One of the biggest myths about bankruptcy is that it destroys your credit. People believe that if they file bankruptcy they will never again have good credit. But let’s look at some of the alternatives and how they impact your credit.
Continuing to Do What You’ve Been Doing
- Continuing to Do What You’ve Been Doing
- Debt Settlement
- Credit Repair
- Don’t Be Ashamed to File Bankruptcy!
- How Bankruptcy Compares to Other Debt Management Options
- Chapter 13 Bankruptcy in a Nutshell
- REPRESENTATION BY A QUALIFIED ATTORNEY.
If you are having financial problems, you are probably dodging phone calls from creditors, robbing Peter to pay Paul, and waiting for the other shoe to drop. You may be using credit cards to buy food, pay your rent/mortgage or car payment, or even to pay other credit cards. All the while you’re watching your credit card balances creep closer and closer to their limits.
You know if something doesn’t change, and soon, you’re going to be behind on all your bills, facing late charges and over the limit fees. And your credit will quickly go down the tubes. You’ll continue to struggle and things will get drastically worse until your car gets repossessed or you get sued by one or more of your creditors.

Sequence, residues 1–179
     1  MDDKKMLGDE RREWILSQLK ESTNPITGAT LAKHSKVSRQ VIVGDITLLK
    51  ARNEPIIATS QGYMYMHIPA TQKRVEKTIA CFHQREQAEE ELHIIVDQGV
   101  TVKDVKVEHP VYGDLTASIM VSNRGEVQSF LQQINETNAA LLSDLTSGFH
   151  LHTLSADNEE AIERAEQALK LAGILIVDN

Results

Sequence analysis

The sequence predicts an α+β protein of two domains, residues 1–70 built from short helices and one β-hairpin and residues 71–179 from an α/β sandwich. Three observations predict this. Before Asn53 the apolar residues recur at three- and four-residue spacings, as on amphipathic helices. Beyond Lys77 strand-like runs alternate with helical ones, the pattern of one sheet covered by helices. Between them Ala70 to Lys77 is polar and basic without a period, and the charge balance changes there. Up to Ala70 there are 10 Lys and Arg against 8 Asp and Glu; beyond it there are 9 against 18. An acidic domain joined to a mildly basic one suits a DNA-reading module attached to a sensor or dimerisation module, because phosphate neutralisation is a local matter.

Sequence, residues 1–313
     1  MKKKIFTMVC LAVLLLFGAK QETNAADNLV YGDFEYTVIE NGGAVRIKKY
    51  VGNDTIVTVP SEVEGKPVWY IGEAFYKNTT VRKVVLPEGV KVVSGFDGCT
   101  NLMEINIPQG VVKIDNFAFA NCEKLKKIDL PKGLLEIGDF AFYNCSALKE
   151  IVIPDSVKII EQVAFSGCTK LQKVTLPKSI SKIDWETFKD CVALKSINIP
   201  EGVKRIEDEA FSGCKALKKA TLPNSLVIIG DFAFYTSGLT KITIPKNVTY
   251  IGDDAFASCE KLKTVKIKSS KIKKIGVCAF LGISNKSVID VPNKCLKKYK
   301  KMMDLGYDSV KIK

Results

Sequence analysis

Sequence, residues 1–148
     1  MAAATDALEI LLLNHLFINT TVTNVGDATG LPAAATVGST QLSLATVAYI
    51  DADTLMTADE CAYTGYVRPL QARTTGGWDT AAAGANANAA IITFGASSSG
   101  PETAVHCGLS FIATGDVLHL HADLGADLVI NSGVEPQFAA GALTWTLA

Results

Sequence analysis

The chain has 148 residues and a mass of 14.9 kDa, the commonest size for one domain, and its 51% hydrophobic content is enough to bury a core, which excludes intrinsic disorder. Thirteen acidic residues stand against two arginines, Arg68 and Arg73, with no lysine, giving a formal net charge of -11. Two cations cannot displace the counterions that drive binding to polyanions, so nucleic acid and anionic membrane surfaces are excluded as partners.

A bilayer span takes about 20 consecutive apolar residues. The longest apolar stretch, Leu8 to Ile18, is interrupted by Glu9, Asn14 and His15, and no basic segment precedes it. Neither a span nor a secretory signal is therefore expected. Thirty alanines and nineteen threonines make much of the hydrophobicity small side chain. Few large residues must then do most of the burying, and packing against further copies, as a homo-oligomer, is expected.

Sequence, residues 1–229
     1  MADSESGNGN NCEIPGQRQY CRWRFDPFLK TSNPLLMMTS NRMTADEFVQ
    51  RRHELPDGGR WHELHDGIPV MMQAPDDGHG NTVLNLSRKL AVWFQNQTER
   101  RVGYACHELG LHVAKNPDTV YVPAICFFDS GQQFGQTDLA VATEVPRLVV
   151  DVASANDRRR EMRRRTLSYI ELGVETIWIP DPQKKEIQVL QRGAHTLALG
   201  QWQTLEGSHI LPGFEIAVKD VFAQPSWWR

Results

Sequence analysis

And God forbid that you have a medical emergency or your car breaks down. Where will you get the money to pay these unexpected bills?
Most creditors expect you to be at least three months behind before they will even consider a debt settlement offer. If you’re three months behind on any of your bills, then your credit has already taken a hit. Having said that, debt settlement is not all it’s cracked up to be because:
- Some creditors require you to pay the settlement amount in a lump sum;
- Some creditors continue to report the debt as delinquent until the settlement amount has been paid in full;
- Some creditors continue to charge interest until the settlement amount is paid in full;
- Collection calls will continue;
- The forgiven debt is taxable by the IRS.
If you use a debt settlement company to negotiate with your creditors, you will often be charged an upfront fee as well as a percentage of the amount of the debt which is forgiven.